- Martin Luther King Jr. Eulogy for the Martyred Children (1963)
|Melissa Stoddard, biracial, autistic, age 11, |
tortured and murdered by her stepmother and father
photo credit. Herald Tribune
Randle Barrow, who was found murdered on December 14th of this year, was only 3 years younger than Melissa. They both shared the same label of autism. They both smiled from photographs taken in happier days. Randle's mother apparently drowned him, disposed of his body in a river, and then took her own life. In Randle's case, family members called the Alabama Department of Human Resources (DHR) to report concern for Randle's safety. DHR failed to act to protect him. Randle's school, which has the disturbing name of The Riley Behavioral and Educational Center for Autism, called DHR to report that Randle's mom "was struggling physically
|Randle Carlton Barrow, autistic, age 8, murdered|
by his mother Delicia who then took her own life.
Filicide - suicide is extremely rare in general global society. It is becoming increasingly common in our community. Worse, each small article about an autistic person of color*, being murdered appears to be not worth a footnote or comment by autism advocacy organizations, autism bloggers even activists. Kelli Stapleton, white, high profile, mother of Isabelle, whose community actively gave financial and emotional support for her efforts to get whatever therapy she thought Izzy needed, attempted filicide -suicide. The media considers every new development in Kelli's trial news worthy. Social media considers what is happening to Kelli Stapleton worth continuous articles, a status, a share or a mention in a plethora of blogs.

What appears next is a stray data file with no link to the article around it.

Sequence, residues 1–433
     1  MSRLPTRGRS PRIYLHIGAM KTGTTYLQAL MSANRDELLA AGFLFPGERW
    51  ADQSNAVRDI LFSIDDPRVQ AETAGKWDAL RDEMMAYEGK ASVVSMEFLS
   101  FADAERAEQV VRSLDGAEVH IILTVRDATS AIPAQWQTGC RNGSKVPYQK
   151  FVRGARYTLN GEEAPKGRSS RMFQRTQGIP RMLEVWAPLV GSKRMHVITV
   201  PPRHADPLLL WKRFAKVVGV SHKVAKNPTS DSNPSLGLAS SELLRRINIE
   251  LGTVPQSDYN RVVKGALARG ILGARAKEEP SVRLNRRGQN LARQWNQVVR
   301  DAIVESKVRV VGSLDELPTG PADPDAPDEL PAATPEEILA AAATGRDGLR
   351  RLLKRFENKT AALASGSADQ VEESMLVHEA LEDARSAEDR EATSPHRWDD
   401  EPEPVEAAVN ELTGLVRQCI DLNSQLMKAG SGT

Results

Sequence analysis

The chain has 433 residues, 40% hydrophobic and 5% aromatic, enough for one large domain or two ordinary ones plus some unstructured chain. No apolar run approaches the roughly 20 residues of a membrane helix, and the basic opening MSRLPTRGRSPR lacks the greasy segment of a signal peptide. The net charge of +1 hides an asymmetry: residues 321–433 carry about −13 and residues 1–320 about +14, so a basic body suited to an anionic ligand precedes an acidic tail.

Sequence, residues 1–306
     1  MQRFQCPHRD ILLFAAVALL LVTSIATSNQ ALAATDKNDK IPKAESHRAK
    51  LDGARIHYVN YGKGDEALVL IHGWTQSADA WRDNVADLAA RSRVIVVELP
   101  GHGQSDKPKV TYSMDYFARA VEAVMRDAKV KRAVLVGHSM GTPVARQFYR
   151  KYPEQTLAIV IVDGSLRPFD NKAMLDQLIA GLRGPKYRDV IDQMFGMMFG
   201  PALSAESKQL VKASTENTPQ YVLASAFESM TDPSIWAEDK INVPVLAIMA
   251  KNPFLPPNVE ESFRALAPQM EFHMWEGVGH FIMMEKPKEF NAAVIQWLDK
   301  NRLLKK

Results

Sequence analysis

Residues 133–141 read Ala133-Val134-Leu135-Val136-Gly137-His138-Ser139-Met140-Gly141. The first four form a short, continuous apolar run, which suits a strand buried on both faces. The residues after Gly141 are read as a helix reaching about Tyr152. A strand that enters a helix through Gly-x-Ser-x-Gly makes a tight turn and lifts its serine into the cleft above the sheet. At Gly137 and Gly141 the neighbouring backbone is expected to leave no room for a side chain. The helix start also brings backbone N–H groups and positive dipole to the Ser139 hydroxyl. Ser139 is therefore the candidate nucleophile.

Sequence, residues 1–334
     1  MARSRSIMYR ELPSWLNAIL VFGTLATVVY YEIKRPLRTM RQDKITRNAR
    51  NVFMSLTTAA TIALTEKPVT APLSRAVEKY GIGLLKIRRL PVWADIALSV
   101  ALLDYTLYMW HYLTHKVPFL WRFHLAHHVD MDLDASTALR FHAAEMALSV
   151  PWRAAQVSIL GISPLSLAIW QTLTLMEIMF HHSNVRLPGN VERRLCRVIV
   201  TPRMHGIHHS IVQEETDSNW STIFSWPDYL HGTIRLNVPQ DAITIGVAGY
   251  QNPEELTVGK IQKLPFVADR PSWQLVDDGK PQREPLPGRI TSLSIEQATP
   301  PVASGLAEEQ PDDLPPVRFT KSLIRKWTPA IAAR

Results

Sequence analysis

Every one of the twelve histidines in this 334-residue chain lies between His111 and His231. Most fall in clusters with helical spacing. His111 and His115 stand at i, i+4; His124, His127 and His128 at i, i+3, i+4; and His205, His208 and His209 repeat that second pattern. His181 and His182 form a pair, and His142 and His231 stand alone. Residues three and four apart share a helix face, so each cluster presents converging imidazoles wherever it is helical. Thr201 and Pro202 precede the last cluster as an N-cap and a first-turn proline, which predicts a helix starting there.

|Alex Spourdalakis with his mother Dorothy, who murdered|
him with the help of his godmother
Beyond the horrific nature of the murders, attempted murders, and assaults themselves is the greater question of what societal culture is producing parents and care givers who are increasingly coming to the conclusion that murdering their autistic loved ones will be at best forgiven and understood by other parents. It is an increasingly frightening situation, one that has me avoiding the news at times just to evade the nauseous feeling I get when hearing parents making comments that erase the filicide victim and eulogize the murdering parent having never met either party. Meanwhile I am surrounded by parents in their 80s who have lovingly cared for autistic children, now in their 50s, with no help or support all their lives. Saying not having help or respite or supports is an excuse for murder is just not acceptable and speaks to the way we socialize our society to ingest ableism and vomit it all over tragic events like these. I should never have to reach out to a parent and say "read the news again and imagine this child was not disabled.". If you can't see the injustice of filicide because of the disability of the victim, then it is time to do a serious ethics audit on yourself.
A board member of Autism Speaks recently declared that I only attack. He said I take offense at everything real or imagined. My son is visibly nonwhite, clearly nonspeaking , and those differences intersect with his disability to put him at extremely high risk for being the victim of a crime. Tell me, if you were me would it offend you that every child who shares the same intersected heritage as your disabled son and is the victim of violent crime is erased and ignored not only in general but by the greater community of autism activists and advocates while they cry for justice and a voice for all? I am offended. Injustice is offensive. And everyone who can do something tangible to bring attention to these murders should be inclusive of all the victims regardless of race, ethnicity, social class, sexual orientation and gender identity. It disappoints me to have to continually repeat this. It distances me from collaborative activism.
Fight for all of us. Our intersected loved ones matter too.
In Memory of Melissa Stoddard,
and all those victims who quietly wait for the respect, remembrance, and justice
in death they did not have in life.
* People of Color is used to mean everyone identifying as nonwhite. Some use the term to imply African American, or Black But on this blog it is always used as a term inclusive of all nonwhite people.